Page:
Your Name is a bodyswap-romance Japanese animated feature, and actually got a release in the UK. Specifically London, where we just so happen to have Darren based. Check out his review.
Western animation is in some ways, a non-cultural affair. While we grow up with such a presence of cartoons and animation in our lives, it is very clear that these are made for children; family movies at best.
Watching outside our western-centric point of view we see another possibility; that the animation has no age boundary. Ghibli has reminded us of this point, that art has no age boundary, no necessity to a limited audience.
I’m not going to pretend that I have a large experience with Asian animation. Beyond Studio Ghibli and the odd anime I watched growing up, I have no real experience with it. This has it’s draw backs but also some positives.
Like this movie I suppose.
Mitushi is an ordinary girl living in a remote town in Japan. But she’s been having strange dreams recently, dreams she can’t quite grasp or remember. Taki, a city boy in Tokyo, is having similar dreams. Whenever they wake up they find that they have switched bodies, each exploring each other’s world. While they try to figure this out and fix their respective lives, by meddling and leaving notes, is something more blossoming?
If you want a quick pithy and almost dismissive summation of this movie, then it’s The Lake House.
Literally. The plot, barring a few tweaks is The Lake House.
But so what? Avatar was Dances with Wolves, The Force Awakens was A New Hope.
Movies rip off story structures all the time and the worst kept secret is that we like that. Audiences scream they want something new but if that was the case then why does Adam Sandler still have a career? Why are there so many Fast and the Furious movies?
This work does add something new to the form: the cultural elements of the setting and the body switching make it feel a lot fresher than it has any right to be. But while I think this is a great boon to the movie it can also be a hindrance to a Western audience. A lot of the subtleties can be lost out, a lot of the symbolism can be misinterpreted or just lost.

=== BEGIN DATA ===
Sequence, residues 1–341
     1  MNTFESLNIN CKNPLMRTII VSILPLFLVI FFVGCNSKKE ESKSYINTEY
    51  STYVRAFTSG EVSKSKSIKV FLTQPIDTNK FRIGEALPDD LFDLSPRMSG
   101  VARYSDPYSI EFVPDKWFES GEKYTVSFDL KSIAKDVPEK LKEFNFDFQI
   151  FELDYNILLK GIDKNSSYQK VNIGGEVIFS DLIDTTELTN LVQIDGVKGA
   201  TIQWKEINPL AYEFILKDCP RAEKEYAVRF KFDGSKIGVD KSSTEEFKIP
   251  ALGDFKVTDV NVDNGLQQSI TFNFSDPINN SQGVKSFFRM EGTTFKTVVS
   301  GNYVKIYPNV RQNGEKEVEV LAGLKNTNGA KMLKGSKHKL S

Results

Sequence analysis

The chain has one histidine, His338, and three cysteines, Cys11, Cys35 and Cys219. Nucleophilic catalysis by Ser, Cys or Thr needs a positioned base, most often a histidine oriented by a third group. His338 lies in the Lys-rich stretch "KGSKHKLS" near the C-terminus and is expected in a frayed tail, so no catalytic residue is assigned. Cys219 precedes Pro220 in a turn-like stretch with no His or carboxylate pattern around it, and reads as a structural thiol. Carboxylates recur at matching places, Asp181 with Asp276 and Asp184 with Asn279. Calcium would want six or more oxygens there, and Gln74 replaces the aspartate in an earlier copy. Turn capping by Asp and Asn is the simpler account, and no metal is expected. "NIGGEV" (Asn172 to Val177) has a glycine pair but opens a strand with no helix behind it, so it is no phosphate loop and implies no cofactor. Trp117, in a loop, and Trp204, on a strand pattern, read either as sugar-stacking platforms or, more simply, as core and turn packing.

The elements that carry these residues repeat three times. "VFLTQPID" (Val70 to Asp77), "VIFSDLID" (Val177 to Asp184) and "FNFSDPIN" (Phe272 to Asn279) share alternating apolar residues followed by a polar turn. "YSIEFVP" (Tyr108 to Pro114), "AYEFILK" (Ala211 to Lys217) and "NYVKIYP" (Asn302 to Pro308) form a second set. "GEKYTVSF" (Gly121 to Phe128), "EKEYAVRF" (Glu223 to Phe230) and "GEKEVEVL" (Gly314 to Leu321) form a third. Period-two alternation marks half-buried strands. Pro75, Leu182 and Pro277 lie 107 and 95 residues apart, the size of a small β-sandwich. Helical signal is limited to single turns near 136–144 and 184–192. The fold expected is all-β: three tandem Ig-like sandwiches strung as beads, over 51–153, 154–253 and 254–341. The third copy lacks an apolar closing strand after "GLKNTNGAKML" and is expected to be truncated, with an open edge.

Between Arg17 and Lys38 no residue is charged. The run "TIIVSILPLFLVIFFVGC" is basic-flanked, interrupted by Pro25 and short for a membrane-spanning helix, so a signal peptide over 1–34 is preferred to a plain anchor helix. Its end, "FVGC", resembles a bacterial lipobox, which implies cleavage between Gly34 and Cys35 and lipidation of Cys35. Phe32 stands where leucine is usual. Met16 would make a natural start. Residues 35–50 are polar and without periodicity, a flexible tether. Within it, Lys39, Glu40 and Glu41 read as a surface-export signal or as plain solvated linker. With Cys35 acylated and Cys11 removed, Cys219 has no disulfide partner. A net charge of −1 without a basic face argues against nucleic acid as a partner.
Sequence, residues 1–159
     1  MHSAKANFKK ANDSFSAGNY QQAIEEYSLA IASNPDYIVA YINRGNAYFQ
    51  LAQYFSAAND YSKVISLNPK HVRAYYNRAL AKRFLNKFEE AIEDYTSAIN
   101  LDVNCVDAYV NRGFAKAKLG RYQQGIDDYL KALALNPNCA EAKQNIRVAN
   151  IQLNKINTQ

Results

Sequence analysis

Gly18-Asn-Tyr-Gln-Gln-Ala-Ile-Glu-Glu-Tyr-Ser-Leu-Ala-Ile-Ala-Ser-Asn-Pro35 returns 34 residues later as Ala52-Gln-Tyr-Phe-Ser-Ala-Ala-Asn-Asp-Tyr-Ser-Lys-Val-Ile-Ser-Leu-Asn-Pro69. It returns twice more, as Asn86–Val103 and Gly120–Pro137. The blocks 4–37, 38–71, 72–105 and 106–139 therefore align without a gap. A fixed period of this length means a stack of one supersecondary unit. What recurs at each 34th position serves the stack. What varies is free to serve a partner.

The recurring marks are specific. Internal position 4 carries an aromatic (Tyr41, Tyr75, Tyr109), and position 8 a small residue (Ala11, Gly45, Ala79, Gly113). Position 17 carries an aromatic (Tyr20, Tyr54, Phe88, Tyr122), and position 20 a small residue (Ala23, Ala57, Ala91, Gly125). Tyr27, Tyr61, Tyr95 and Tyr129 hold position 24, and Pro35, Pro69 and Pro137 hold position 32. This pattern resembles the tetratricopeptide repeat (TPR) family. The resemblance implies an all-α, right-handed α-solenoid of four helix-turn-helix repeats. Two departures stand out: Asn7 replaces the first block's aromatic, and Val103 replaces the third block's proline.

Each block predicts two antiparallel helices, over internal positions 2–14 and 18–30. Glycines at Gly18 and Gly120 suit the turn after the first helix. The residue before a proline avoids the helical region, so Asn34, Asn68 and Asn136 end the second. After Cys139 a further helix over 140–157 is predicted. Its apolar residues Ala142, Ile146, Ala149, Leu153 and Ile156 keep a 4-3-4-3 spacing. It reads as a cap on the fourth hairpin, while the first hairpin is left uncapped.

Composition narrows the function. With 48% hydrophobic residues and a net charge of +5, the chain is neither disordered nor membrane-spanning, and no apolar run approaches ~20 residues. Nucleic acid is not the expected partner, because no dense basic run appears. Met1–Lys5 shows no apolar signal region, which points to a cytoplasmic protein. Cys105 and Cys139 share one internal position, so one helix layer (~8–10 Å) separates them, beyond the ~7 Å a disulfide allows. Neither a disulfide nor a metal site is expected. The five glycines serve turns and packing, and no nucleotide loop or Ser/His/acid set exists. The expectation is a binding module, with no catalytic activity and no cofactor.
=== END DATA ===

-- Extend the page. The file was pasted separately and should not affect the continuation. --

For example, there is a scene in a restaurant, a customer manages to get out of paying his check by complaining and for some reason, sneakily takes out a Stanley knife and slashes the skirt of the waitress. Why? To me and, I imagine, many people, this seems just random. But it has a cultural significance that is just lost on me. Same with say, the focus on a girls neck to show how seductive she is or the ubiquity of Taki when he body swaps to Mitushi just continually feeling her breasts. No joke, this is a recurring theme, he wakes up and just continually fondles her until he gets caught. Ha ha, big laugh, roll on snare drum. I’m not saying it’s not funny but god, three times was more than enough. This even occurs during highly emotive scenes ruining the feeling.
I do think it has a lot of charm; the pacing while sometimes very fast, works in its favour and the animation is beautiful but nothing special for the most part. An exception is a wonderful drained out dream sequence that has a peculiar post-modern feel to it.
The characters are fun and the movie does play around with the idea but it doesn’t feel like it’s saying anything. Having your leads swap bodies is an intriguing prospect and there is so much you could do with it but Your Name only makes cursory lip service to it, focussing instead on a blossoming romance that has moments of real charm but no passion to it.
I’ve said it a lot but charm is really the centrepiece in this.
It doesn’t have the raw beauty and feeling of a Ghibli movie, nor the comedy or elasticity of a Tartatovsky. But it oozes a simplicity of feeling, of a simpler life. And while it boils down plot and structure-wise to a trope fest of hilarious proportions, it is still entertaining. I just think that I’m missing something form it, something that more savvy or involved anime watchers will feel.
If you’ve grown up on Code Geass, Dragonball etc and are drowning in Japanese culture (as so many are) then you’ll love it, you’ll get it. You’ve probably already watched it, downloaded the English sub and are writing your fan theories right now.
But for the rest us, it’s a charming work that shows Japan as I think it would like to be seen. Beautiful, romantic but with a conservatism that makes me inch back just a little from its overall message.